Umpires on trial but errors are price of human touch

Disputed dismissal of Lara should not obscure the wider picture

Shivnarine Chanderpaul got a gritty and important hundred. Matthew Hoggard bowled sharply with the new ball. Andrew Flintoff did one of his conjuring tricks, with the ball rather than the bat. But until Freddie's customary heroics the man of the moment at Lord's yesterday was a 54-year-old from Adelaide named Daryl Harper, who was umpiring his 42nd Test.

His special moment had come at 4.53pm on Friday. Not long before he had given Chris Gayle out lbw when the ball pitched outside the line. Now a ball from Ashley Giles brushed Brian Lara's pad. Up went bowler, wicketkeeper and Harper's finger. Out went Lara, very reluctantly, for 11, another failure in an arena where he has managed only 84 runs in five Test innings. He was so disconsolate that, while he watched for an hour from the players' balcony, he could not be bothered to remove his pads.

Lara felt strongly enough to issue a statement. According to Channel 4 this read: "I still find it impossible to walk when I know I'm not out." Since Test players are not permitted to question the umpire's decision, this was a sensation of a kind.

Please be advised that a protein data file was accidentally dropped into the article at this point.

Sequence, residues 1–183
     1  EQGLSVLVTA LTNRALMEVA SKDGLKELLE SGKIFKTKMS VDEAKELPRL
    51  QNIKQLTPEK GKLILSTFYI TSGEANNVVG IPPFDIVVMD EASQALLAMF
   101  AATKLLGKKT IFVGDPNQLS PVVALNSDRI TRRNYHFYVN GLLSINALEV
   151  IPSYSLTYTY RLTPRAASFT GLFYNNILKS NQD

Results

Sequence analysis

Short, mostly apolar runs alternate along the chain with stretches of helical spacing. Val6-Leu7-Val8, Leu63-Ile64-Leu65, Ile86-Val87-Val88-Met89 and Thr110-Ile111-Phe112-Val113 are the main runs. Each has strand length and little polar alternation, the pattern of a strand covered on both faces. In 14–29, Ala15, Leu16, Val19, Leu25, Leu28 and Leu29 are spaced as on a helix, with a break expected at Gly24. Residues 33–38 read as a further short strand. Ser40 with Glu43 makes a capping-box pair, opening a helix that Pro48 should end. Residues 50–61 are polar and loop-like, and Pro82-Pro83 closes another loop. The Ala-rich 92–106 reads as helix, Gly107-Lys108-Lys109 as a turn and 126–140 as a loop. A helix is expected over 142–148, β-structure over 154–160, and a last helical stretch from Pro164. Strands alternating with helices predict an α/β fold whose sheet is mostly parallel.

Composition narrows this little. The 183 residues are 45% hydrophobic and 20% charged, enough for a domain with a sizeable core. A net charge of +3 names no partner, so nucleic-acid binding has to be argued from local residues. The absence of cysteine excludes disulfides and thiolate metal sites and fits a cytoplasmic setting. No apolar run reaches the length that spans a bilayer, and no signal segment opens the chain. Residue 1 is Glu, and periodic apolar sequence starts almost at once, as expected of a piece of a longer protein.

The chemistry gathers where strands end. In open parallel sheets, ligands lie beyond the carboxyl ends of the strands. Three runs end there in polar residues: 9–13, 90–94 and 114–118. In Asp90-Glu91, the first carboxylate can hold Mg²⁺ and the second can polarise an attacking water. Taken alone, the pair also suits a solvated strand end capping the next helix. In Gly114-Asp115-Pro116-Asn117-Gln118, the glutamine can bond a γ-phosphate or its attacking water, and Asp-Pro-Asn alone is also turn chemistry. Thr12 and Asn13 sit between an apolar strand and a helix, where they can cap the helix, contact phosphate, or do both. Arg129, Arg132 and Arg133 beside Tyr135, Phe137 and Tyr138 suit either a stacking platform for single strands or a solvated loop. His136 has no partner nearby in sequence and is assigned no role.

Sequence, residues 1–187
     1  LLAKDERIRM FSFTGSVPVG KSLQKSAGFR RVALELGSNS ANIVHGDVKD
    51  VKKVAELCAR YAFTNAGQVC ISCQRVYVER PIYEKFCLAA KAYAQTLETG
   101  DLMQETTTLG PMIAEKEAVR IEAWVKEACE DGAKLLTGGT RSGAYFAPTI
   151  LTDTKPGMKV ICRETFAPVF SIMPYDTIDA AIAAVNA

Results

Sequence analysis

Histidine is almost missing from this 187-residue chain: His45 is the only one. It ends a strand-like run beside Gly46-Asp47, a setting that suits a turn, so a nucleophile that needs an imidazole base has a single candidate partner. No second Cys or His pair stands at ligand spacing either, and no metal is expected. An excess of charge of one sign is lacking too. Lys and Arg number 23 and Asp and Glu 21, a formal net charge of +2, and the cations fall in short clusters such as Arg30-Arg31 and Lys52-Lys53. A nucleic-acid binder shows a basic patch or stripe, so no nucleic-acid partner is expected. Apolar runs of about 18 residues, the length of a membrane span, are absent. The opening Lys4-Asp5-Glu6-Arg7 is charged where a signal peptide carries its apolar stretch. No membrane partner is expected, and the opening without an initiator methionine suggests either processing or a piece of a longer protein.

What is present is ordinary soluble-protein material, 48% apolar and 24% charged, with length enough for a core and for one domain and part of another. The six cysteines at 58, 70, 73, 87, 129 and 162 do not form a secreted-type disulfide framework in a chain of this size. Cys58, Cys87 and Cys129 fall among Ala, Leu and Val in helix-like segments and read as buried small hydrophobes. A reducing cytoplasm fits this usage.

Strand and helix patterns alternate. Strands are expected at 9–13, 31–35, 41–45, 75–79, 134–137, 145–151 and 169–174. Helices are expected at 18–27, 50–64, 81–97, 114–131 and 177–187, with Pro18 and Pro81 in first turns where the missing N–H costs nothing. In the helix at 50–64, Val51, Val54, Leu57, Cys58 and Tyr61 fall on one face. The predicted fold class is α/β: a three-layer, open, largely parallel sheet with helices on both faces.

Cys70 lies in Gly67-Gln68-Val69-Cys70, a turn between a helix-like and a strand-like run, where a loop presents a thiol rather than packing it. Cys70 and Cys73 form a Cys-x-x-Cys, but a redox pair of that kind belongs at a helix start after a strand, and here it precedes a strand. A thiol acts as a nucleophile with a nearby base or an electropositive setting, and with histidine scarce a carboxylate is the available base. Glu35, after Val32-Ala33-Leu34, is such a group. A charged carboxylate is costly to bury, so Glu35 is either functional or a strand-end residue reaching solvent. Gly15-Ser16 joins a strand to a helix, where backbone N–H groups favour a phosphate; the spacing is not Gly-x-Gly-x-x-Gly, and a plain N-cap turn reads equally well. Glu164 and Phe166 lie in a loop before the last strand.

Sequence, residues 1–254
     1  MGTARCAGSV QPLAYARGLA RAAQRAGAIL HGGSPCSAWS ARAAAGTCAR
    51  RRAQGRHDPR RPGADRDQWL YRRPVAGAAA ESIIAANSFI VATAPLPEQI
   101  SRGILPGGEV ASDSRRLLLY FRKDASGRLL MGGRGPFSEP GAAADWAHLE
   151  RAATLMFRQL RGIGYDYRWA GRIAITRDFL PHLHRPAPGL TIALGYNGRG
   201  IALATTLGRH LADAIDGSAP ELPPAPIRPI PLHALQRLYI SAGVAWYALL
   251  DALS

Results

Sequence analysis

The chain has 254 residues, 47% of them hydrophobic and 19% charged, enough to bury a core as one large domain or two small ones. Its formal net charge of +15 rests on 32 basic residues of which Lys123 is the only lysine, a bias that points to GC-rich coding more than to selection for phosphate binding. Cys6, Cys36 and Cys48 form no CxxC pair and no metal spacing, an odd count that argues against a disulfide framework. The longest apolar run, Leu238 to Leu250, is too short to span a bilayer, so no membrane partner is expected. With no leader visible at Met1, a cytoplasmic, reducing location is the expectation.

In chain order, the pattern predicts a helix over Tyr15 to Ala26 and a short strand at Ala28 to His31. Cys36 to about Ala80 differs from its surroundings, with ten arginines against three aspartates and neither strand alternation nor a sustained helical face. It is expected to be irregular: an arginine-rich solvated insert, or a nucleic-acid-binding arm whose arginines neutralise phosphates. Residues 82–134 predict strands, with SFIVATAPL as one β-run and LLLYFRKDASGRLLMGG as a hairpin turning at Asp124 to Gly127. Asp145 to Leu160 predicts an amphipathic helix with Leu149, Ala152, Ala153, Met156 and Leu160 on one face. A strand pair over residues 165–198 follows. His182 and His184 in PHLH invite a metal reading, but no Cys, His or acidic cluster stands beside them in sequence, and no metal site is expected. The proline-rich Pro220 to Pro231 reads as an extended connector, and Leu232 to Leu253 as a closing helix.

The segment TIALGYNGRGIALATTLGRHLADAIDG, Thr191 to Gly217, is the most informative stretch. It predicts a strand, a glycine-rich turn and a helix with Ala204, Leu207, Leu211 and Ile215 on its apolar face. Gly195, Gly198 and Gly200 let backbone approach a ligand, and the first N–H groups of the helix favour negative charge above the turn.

Yesterday morning the statement was amended. What he had actually said was: "I still find it impossible not to walk when I know I'm out." By shifting the "not" he altered the tone. You don't have to be prize-winning textual analyst to infer the real meaning, but the match referee could hardly fine Lara for a statement of principle.

Harper drew attention to the mistakes umpires make at the end of a week in which the subject has received a sympathetic hearing from Sir Clive Lloyd in his Cowdrey Lecture at Lord's. "The challenge of umpiring in today's conditions is greater than it has ever been, and speaking frankly too many mistakes are being made," he said.

ICC studies suggest that umpires are right 91 to 92 per cent of the time, which means they make a mistake in at least eight appeals out of a hundred. Having discovered that baseball umpires appear to get things right 96 per cent of the time, the ICC has adopted this as a target. The élite panel of umpires has to improve productivity by five per cent.